Hounds’ Sounds

Hear how some Loyola students and alumni are making music at Evergreen and beyond.

By Rita Buettner

Physicianist

When Alex Saad, ’13, graduated from high school, her parents’ gift to her was a chance to record her own album. When she came to Loyola, she kept playing and started performing publicly last year. While she soaks up music knowledge from piano lessons and the Electronic Music Studio class, she is also pursuing a degree in physics.

“I do value an education, and I don’t like how a lot of musicians don’t have an education. There’s an assumption that music and education don’t go hand-in-hand.” After graduation, she plans to move to Nashville. “I’m not really country,” says the Delaware native, “But I feel my music would be better heard there than in New York or L.A.”

Unlike Pulling Teeth

James C. Georges, ’79, DDS, lives in Phoenix, Md., and has his own dental practice in Lutherville, Md. He co-founded Gram Positive and is the lead guitarist and sings vocals for the six-piece cover band specializing in classic rock and playing popular music dating back to the ’60s. His band plays clubs, restaurants, bars, and private events in the Baltimore area.

Palace at 4am

Named for Alberto Giacometti’s sculpture, The Palace at 4am, this band of seven members of the Class of 2013 has been playing together since their first year at Loyola. Philip Bolton, Patrick Diamond, Casey Miller, Dennis Mizzoni, Aaron Perseghin, Aaron Pinto, and Christopher Sweeney write their own songs and perform at campus events, such as Relay for Life, and Baltimore venues, such as the Recher Theatre and the Ottobar.

Praying Twice

Crossley Hawn, a student in the Master of Theological Studies (MTS) program, sings professionally at the National Cathedral and the National Shrine of the Immaculate Conception in Washington, D.C.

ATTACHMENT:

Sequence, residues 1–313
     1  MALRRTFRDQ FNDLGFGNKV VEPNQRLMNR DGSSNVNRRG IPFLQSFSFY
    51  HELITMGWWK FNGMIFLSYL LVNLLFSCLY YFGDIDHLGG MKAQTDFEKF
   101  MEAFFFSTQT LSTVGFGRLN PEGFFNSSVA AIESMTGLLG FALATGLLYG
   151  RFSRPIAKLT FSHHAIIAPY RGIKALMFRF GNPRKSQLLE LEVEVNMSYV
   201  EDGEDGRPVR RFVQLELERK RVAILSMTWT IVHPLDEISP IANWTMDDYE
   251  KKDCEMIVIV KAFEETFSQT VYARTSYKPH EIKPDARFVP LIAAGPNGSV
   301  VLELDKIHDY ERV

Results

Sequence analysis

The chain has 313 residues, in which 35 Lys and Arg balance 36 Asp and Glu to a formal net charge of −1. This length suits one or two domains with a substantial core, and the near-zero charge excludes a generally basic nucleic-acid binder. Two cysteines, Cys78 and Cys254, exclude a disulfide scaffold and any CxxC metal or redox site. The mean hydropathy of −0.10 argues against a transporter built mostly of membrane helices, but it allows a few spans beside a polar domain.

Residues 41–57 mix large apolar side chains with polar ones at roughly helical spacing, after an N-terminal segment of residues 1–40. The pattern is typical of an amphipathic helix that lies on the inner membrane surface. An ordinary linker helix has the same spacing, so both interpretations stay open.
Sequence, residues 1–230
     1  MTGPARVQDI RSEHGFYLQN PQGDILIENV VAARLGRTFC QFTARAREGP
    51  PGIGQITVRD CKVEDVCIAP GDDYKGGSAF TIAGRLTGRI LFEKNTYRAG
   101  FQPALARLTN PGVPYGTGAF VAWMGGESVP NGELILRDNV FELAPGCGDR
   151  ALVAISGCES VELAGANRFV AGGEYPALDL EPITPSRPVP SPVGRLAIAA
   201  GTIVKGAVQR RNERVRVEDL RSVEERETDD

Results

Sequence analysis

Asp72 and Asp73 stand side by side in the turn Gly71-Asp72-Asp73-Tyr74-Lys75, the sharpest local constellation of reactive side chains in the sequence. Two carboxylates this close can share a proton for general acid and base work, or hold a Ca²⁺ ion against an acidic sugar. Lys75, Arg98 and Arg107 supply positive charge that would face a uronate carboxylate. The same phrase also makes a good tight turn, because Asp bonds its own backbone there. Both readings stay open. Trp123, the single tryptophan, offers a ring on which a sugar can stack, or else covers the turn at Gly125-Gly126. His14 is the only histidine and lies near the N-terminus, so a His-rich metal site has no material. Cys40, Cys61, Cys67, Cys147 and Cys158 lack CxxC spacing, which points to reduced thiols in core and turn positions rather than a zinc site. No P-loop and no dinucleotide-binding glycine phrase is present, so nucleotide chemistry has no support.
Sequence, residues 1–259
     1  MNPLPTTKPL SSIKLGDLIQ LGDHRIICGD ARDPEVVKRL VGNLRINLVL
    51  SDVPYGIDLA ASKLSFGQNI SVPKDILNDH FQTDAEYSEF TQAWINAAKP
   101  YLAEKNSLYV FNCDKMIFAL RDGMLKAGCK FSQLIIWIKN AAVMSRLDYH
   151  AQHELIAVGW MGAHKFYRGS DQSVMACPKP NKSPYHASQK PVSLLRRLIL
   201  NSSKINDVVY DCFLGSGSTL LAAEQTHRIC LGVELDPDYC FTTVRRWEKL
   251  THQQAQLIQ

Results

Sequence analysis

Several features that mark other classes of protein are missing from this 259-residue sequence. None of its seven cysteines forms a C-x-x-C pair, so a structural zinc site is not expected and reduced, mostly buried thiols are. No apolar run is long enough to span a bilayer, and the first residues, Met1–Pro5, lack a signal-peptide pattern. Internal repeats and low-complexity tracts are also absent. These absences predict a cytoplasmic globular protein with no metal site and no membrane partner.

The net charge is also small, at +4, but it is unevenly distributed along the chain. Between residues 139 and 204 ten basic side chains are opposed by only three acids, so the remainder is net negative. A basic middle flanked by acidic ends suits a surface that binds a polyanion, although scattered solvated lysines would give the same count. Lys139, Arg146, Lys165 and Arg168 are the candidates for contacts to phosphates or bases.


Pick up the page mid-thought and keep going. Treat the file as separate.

“I sang before I spoke, so it’s always been something I’ve been in love with,” said Hawn, who is a member of Loyola’s first MTS class. “It’s really exciting, it feels like I’m sort of in a way part of the school’s history. And because it is a new program, they’re really catering to us and letting us focus in on what we’re interested in. So I’m doing a lot of papers on sacred music and music’s relationship with theology.”

Giving through Music

David Gerkin, ’01, is a paralegal at Williams & Connolly in D.C. He and four of the firm’s partners participate in Banding Together, a charity band event sponsored by Gifts for the Homeless, a volunteer-run organization that serves the homeless of the Washington, D.C., area.

“We recently won our third ‘Battle of the Bands’ in June and were thrilled to contribute nearly $60,000 in donations,” he said. “I have been playing drums for 22 years now, and I never thought my hobby would lead me to this great group of guys as well as to such a great and important charity.”

Other Side of the Glass

At Loyola, Matt Troja, ’92, played in a student cover band called The Hip Ghosts of Elvis. After graduating, he moved to Prague to teach English as a second language and played in a variety of bands—including one that landed its first record deal. The English and creative writing major fell in love with the studio.

“That was my life-changing moment, deciding I love playing music, but I love working on it from the other side of the glass, doing the recording side of it,” said Troja, now a producer, engineer, mixer, and songwriter in Nashville, who will release his first album next year.

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